Considerations: Supply and Demand
At the end of the year 2016, the Fraser Institute published its Generosity Index , which measured charitable donations based on data gathered from provincial and federal income tax credit claims. The institute determined a significant drop in the number of Canadian donors over the course of the previous decade; in Quebec alone, the percentage dropped from 22.7% in 2004 to 19.8% in 2014. In the press release that accompanied the Generosity Index, a representative of the Fraser stated, “Many Canadians may be surprised to learn we are far less generous than Americans when it comes to charitable giving, and that’s been the case for many years ”.
Resorting to statistics such as these is not particularly surprising, in a world where everything is a performance to the point where generosity can be compiled, quantified, and indexed. The specialists from the Fraser seem concerned by the reduction of supply at a time of increasing demand for financial support among charitable organisations . In response, numerous authors  have argued that the Fraser’s statistics only consider one particular aspect of giving — one that is integrated into the existing economic system. In turn it becomes much more difficult to quantify the act of giving when it takes the form of an exchange, shapes intimate relationships, or exists outside of a transaction. The challenge, then, is to consider giving outside the realm of supply and demand — to consider it as a positive impulse that doesn’t need to be expressed through the tools of the market economy.
This type of reflection around giving is particularly important for artistic communities, which maintain complex relationships with it. These communities, weakened by the precariousness of both their working conditions and their funding, are too often forced to accept the pejorative aspects of the capitalist donation in order to survive. Artists and cultural workers are forever asked to give freely: they give of themselves to the point where art is considered a vocation — a vocation that justifies their precarious conditions. How, then, can we redefine generosity so that it can both bear witness to art’s sensitive contributions while remaining critical of other types of exchange that underlie power relations? Furthermore, how can we reflect on giving and exchange when, in an increasingly economist culture, these notions are almost entirely co-opted by capitalism? Is it still possible (or desirable) to give freely?
A certain ambiguity reveals itself in L’OFFRE, where the concept of giving clashes with a variety of well-established, authoritative forces such as the market, morality, government, and the nation. Felix Gonzalez-Torres’s Untitled (Blue Placebo) (1991) is a large rectangle comprising small candies in blue wrappers which the public is invited to take. The artist’s gesture, at first generous, becomes deeply poetic: each person who takes a candy takes part in the installation’s destruction. The title references the placebo given to people living with AIDS in the 1980s, when patients’ urgent need for treatment was forced into confrontation with the rigid procedures of pharmaceutical companies. Dora Garcia’s Steal This Book (2009) evokes another type of fragility: a minimalist sculpture composed of objects — in this case, a book compiling the artist’s projects. The title of the work (which is also the title of the book) encourages us to steal the book, which is also available for purchase at the Foundation. Does the gesture remain transgressive if the artist invites us to make it?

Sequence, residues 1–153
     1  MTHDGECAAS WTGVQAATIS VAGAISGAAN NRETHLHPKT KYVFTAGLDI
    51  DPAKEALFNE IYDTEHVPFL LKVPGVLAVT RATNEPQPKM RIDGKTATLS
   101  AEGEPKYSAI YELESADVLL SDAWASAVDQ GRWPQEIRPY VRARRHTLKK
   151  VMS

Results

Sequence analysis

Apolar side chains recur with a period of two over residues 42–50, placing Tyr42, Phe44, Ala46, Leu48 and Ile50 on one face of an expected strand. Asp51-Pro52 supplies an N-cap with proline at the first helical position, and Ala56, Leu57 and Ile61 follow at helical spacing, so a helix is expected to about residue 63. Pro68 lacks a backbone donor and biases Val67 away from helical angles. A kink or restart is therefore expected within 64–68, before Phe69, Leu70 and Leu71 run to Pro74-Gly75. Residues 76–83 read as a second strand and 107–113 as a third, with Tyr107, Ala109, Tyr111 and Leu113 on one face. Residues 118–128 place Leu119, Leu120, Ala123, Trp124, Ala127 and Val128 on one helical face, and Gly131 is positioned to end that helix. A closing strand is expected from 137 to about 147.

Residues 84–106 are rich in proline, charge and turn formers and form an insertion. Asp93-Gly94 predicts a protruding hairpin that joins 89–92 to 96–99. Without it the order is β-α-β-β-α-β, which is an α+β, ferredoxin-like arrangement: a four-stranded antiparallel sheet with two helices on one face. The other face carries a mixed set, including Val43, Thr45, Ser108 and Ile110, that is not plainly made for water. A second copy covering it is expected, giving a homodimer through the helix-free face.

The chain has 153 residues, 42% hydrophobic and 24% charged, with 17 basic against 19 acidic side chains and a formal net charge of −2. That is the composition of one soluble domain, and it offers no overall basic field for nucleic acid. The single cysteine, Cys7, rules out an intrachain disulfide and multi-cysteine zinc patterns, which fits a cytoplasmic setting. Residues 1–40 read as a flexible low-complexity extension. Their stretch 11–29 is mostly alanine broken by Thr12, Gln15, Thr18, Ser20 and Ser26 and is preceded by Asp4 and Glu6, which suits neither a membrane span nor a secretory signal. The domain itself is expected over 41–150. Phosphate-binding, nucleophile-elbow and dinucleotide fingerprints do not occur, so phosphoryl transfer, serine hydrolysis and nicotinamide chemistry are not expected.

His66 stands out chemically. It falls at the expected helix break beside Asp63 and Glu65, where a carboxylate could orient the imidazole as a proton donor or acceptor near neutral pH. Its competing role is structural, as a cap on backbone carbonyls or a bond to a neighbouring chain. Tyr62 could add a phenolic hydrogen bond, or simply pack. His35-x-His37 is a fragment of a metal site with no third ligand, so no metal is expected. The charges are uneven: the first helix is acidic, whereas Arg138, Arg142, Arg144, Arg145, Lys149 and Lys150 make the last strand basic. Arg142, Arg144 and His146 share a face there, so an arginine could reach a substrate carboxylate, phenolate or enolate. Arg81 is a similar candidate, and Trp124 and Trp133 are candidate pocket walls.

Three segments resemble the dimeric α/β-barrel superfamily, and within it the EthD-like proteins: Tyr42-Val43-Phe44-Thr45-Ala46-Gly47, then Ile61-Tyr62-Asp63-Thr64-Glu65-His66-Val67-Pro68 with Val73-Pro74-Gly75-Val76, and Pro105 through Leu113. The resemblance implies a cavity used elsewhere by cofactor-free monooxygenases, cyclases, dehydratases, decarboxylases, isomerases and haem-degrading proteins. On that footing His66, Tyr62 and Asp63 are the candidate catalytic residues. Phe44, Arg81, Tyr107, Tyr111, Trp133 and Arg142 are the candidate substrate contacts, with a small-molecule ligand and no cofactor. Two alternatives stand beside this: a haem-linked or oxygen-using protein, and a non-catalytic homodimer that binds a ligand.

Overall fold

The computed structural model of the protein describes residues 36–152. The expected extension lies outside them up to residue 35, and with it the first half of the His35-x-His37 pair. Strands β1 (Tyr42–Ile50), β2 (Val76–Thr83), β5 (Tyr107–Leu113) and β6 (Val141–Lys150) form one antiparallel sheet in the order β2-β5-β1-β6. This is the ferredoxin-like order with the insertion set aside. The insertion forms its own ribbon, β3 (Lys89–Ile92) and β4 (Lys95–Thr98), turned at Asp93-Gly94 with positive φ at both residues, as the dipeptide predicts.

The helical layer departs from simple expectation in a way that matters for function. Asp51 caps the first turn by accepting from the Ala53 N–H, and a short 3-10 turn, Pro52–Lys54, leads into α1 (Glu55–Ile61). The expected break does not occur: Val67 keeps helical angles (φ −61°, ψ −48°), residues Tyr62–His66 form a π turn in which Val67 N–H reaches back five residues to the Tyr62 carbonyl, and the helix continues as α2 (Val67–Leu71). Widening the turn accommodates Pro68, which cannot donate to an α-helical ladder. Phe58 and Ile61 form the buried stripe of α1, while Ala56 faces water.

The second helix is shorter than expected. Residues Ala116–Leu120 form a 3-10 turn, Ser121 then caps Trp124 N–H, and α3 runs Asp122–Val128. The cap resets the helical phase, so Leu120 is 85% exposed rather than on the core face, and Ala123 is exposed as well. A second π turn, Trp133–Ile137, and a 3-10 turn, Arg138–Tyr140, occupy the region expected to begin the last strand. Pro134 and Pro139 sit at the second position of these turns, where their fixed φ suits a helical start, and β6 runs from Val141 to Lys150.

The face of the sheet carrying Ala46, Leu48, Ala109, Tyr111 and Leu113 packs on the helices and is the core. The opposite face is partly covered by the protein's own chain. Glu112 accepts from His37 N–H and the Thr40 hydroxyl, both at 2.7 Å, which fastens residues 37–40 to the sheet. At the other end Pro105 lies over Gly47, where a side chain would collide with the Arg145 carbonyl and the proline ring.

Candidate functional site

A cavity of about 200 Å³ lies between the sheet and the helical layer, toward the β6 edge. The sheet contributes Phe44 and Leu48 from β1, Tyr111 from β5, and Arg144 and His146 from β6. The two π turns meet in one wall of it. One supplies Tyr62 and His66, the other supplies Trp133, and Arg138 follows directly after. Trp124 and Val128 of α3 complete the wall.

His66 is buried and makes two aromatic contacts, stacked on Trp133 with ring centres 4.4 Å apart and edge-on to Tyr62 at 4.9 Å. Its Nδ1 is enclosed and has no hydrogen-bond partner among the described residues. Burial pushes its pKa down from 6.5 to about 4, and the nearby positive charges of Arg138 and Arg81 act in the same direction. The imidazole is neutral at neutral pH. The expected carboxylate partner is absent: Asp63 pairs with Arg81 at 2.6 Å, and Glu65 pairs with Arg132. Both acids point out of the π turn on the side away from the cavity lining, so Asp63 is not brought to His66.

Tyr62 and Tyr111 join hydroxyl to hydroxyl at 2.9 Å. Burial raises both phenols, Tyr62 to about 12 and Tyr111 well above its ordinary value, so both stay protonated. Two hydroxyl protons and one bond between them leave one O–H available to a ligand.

The works of Gonzalez-Torres and Garcia take back the formal codes of minimalism (flat, geometric shapes, the principle of the grid). Do these visual strategies, where the effects of unity are particularly strong, encourage visitors to interact with the works?
Are there other works in the exhibition that bear witness to a similar ambiguity around giving, and/or the capitalist appropriation of giving and exchange? If yes, which ones?
 FRASER INSTITUTE (2016). “Generosity in Canada and the United States: The 2016 Generosity Index”. Fraser Institute. Online. https://www.fraserinstitute.org/sites/default/ les/generosity-in-canada-and- the-united-states-the-2016-generosity-index-news-release.pdf.
 Ibid. This statistic tarnishes the image of the polite, altruistic, and generous Canadian, although they could still take comfort in the fact that Canada places 6th among the 140 countries included in the World Giving Index, an annual report published by the Charities Aid Foundation.
 MCKENNA, Barrie (2014). “When it comes to giving, Canadians are quietly generous”. The Globe and Mail. Online. goo.gl/ppyfYC and ROSENFIELD, Ann (2016). “Canadians Know That True Generosity Goes Beyond Giving Cash”. Huffington Post. Online. http://www.huffingtonpost.ca/ann-rosen eld/canadians-giving-back_b_13674792.html.
Photo credit: Dora García, Steal This Book, 2009. Centre Pompidou, Paris, Musée national d’art Moderne / Centre de creation industrielle. Photograph: Roberto Ruiz.